Typhoon Halong, no longer a super typhoon having weakened a little, is now a category 1 equivalent typhoon with sustained winds of around 85mph and gusts of 105mph but threatens Japan with a direct hit of winds, torrential rains, floods and a storm surge.
Update 10:00 GMT 9th Aug:
Typhoon Halong is making its final approach towards a category 1 landfall on Shikoku, with maximum sustained winds expected to be in the region of 80mph to 90mph and gusts of up to 125mph.
Already thousands of homes are reported to be without power on Kyushu, the southernmost of the main Japanese islands, as typhoon Halong makes its presence felt in advance of landfall. Heavy torrential rains are affecting southern Japan, with some areas already seeing around 80mm of rainfall per hour. The forecast calls for local rainfall totals of up to 700mm in Shikoku, with isolated amounts of up to 1000mm, around 40 inches.
With rainfall forecast at such high levels flooding and the inevitable landslides from such high levels of rain are key concerns for typhoon Halong. Flood insurance penetration is however not that high, as typically flood coverage is an add-on to a homeowners policy.
With such high rainfall levels in advance of Halong, the region has seen extreme rainfall in the previous week as well, the flood concern for Japan is high. Storm surge on the coast is not expected to be such a major issue, with a surge of around 1 metre expected at this time.
Winds will be high enough to cause damage to the buildings of wooden construction but not to more modern industrial complexes it is thought. However with such high rainfall levels there is a chance of some business interruption from the storm and potential flooding for any industrial or commercial complex in typhoon Halong’s path.
The latest typhoon Halong information from AIR Worldwide:
According to catastrophe modeling firm AIR Worldwide, Typhoon Halong is currently moving to the north at a speed of 15 km/h and is expected to make landfall in western Shikoku late Saturday night local time. The storm has a central pressure of 950 mb and maximum sustained winds of approximately 139 km/h. Halong is expected to maintain this intensity through landfall and then quickly deteriorate as it moves northward over the cooler waters of the Russian Maritime Territory.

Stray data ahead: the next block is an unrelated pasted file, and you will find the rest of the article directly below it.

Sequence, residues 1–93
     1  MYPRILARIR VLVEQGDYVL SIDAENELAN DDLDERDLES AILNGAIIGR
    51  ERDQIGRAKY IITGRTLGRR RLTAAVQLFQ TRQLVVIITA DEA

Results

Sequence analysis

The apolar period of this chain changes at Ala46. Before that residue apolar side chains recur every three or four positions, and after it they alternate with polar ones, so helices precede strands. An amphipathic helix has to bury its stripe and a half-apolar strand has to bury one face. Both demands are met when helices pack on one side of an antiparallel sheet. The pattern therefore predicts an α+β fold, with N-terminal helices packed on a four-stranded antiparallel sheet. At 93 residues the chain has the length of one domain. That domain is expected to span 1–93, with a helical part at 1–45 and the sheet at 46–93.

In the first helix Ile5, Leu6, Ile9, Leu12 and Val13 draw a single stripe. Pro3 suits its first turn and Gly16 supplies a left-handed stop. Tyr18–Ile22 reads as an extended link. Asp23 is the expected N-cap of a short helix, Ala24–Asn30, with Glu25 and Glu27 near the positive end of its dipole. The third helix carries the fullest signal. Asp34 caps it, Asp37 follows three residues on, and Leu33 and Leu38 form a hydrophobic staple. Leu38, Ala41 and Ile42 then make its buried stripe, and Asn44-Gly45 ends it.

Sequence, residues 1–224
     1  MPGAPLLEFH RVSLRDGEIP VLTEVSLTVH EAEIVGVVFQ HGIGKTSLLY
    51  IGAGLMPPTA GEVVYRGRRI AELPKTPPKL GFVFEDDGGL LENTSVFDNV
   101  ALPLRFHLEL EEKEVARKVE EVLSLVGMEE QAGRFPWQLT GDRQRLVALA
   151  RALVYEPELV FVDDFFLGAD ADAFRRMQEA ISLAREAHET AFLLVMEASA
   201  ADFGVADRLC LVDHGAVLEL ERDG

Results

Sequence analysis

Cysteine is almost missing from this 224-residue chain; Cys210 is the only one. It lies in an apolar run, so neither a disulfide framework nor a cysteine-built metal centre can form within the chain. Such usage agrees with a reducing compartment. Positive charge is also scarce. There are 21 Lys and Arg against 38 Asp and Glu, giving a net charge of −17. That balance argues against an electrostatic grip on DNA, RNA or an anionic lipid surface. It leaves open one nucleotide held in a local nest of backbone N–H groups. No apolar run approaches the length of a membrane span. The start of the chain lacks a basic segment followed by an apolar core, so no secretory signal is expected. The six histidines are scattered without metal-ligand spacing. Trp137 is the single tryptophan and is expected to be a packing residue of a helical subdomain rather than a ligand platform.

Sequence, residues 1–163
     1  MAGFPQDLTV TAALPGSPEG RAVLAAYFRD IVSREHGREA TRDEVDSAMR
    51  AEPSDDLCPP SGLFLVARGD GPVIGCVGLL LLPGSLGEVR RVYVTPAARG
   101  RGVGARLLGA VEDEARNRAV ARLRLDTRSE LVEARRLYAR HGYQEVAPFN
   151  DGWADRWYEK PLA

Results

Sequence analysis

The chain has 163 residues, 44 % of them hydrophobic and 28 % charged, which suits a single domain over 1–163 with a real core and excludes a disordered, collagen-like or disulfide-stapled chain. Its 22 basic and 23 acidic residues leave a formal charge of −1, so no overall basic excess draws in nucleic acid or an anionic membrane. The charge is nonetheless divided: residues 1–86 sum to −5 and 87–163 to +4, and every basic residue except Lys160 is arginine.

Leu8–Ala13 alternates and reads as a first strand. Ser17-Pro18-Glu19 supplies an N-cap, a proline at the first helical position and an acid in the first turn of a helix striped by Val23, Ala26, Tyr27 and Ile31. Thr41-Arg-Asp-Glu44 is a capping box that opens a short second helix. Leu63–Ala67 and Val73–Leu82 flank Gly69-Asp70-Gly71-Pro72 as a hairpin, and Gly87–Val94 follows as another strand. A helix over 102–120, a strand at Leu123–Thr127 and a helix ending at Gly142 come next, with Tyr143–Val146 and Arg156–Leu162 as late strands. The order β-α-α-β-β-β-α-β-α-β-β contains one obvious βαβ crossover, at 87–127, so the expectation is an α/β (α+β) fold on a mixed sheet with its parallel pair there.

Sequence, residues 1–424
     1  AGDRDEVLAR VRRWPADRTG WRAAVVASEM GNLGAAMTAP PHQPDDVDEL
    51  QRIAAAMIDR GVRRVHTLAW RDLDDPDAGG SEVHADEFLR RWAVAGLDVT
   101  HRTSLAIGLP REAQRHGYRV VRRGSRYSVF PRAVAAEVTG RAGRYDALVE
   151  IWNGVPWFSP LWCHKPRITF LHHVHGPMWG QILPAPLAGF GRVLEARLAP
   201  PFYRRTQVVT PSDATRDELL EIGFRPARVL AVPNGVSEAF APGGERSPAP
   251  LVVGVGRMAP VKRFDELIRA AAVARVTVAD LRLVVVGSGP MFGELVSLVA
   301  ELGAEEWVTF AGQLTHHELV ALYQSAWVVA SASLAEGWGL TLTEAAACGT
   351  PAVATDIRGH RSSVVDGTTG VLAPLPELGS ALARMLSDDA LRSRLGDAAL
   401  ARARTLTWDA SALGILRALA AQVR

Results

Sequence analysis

“Typhoon Halong passed 40 km east of Japan’s Daito Islands (located about 320 km east of Okinawa) Thursday local time, bringing with it maximum sustained winds of 115 km/h and heavy rain,” said Dr. Kevin Hill, senior scientist at AIR Worldwide. “The small island of Minamidaitōjima was especially hard hit as over 100 mm of rain were recorded in just 24 hours. Overall, the Daito islands fared well, however, with no significant damage reported.”
Dr. Hill observed, “The mainland of Japan has already begun to experience Halong’s effects, as Kyushu and Shikoku received more than 50 mm of rain, with 50-100 mm of rain occurring in just a 6-hour time period near Kochi. Conditions will continue to deteriorate across Kyushu, Shikoku, and western Honshu through Saturday evening as the rain and winds pick up in intensity.”
Wind gusts between 95 km/h and 130 km/h are expected to be widespread in the vicinity of the storm’s landfall location with destructive wind gusts between 130 km/h and 160 km/h possible on the southern coasts of Shikoku and western Honshu (in the vicinity of Fukuyama and Okayama). Rainfall totals in locations across Shikoku could top 500 mm. Such torrential rain heightens the risk of severe flooding and landslides with recent heavy rain from tropical storm Nakri exacerbating the danger. Residents are being warned to stay on high alert for the threat of landslides and to evacuate as early as possible when advised to do so by local officials.
Conditions farther away in Tokyo will be quite a bit milder, with only 25-50 mm of rain expected and wind gusts of 80 km/h.